Soglin says he was threatened politically if he spoke out on 911 problems

Spokeswoman for county executive says mayor is mistaken
Soglin says he was threatened politically if he spoke out on 911 problems
Paul Soglin

Madison Mayor Paul Soglin said he was threatened politically by Dane County Executive Joe Parisi over his statements on problems at the Dane County 911 Center.

Soglin said his campaign manager received two phone calls from Parisi’s Chief of Staff Josh Wescott about the mayor’s criticism of the 911 Center. Madison fire and police officials have been the most outspoken about slow answer times of 911 emergency calls and slow dispatch times getting their crews out the door.

“What’s been real curious is over the last year, there have been two telephone calls made to my campaign manager on this subject,” Soglin said. “Telephone calls which were clearly designed to indicate that I was going to have political problems for having raised these issues. One of the things that came out of this was a reminder of how popular the county executive was, and it was not a good idea for me to challenge somebody authoritatively who was that popular.”

Soglin has not stopped criticizing the 911 Center since his campaign manager received the call and Parisi has not endorsed another candidate in the 2015 Madison mayoral race.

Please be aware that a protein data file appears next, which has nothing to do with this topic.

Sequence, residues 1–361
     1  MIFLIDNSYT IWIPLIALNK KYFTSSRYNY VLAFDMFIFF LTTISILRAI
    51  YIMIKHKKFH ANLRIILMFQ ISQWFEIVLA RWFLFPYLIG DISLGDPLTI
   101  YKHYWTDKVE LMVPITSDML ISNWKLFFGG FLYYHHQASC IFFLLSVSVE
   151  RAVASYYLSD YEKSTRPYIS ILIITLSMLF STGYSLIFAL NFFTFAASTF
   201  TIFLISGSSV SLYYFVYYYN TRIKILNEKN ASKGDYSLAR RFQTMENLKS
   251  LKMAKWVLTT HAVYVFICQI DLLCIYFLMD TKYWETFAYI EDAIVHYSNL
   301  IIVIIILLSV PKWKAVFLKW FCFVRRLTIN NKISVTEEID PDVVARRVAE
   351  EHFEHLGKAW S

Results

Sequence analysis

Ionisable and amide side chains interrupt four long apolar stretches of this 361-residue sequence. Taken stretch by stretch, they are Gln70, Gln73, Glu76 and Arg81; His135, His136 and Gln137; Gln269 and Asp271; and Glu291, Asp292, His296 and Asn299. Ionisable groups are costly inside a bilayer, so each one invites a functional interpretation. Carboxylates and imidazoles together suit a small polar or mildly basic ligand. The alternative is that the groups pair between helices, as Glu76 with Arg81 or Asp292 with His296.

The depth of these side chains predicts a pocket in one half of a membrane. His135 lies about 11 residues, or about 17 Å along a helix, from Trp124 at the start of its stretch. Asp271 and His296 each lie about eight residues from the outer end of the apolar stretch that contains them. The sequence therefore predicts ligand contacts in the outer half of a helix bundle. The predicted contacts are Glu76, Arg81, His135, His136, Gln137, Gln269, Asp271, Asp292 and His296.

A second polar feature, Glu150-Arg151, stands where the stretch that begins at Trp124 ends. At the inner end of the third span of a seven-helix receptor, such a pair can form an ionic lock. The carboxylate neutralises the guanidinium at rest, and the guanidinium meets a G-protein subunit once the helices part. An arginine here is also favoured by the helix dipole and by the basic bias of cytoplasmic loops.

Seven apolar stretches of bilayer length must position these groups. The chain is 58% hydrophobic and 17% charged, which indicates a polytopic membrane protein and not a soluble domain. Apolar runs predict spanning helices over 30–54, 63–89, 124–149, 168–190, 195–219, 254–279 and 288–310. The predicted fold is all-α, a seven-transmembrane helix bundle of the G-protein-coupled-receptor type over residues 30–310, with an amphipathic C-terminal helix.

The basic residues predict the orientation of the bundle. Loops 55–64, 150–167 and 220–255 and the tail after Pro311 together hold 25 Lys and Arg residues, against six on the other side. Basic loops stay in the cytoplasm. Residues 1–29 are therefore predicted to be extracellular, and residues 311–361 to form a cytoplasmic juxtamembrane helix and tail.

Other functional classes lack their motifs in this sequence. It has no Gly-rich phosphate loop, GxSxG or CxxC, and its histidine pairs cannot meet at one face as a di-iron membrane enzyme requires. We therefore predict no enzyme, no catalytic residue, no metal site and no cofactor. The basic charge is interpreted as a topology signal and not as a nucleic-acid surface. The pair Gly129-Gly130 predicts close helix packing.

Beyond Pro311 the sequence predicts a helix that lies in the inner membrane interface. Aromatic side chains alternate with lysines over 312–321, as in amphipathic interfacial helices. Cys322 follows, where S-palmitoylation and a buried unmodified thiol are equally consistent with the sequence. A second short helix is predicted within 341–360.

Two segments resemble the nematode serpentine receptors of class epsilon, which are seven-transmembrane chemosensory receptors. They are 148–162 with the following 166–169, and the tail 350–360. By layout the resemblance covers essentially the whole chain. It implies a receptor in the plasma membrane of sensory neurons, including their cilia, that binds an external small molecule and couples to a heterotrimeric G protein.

Phone calls to Soglin’s campaign manager, Melissa Mulliken, were not returned. Wescott also did not return an email or text asking for comment.

Melanie Conklin, a spokeswoman for Wescott and the county executive’s office, emailed a statement to News 3 that said, “Mayor Soglin is mistaken about phone conversations he did not participate in.”

“Melissa Mulliken is not only Mayor Soglin’s campaign manager and policy adviser, she also has frequent contact with many Dane County staff in her work as a lobbyist,” Conklin said in the statement. “A few weeks ago on his way to work, the executive’s chief of staff received a call from Melissa Mulliken, who had heard a rumor, which was false, that the county executive had endorsed one of Mayor Soglin’s opponents. She expressed her desire for the executive not to endorse against Mayor Soglin in his upcoming election. She also asked to be kept informed of changes and developments on issues impacting city-county relations.”

Soglin made the comments during an interview on an open records request the county recently filed with two Madison Fire Department assistant chiefs and a Madison alder who serve on the 911 Center Board regarding a recent report highlighting problems at the 911 Center.

“We can’t answer this request fast enough,” Soglin said. “I can’t wait for the county executive to get this information and for the public to get it, so they get a better idea as to (the problems) going on.”

Soglin said the county could have called the city to ask for the information instead of filing an open records request, but did not.

Conklin said the open records request was made because “in working to improve the 911 Center governance, it is important that all parties have access to all the same data and information on priority dispatch so we can reach our mutual goal of public safety and protection.”

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